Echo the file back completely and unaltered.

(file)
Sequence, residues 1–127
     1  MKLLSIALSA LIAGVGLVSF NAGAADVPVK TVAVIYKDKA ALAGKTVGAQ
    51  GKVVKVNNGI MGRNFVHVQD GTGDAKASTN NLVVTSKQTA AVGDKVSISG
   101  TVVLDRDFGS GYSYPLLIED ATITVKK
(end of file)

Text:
Sequence, residues 1–127
     1  MKLLSIALSA LIAGVGLVSF NAGAADVPVK TVAVIYKDKA ALAGKTVGAQ
    51  GKVVKVNNGI MGRNFVHVQD GTGDAKASTN NLVVTSKQTA AVGDKVSISG
   101  TVVLDRDFGS GYSYPLLIED ATITVKK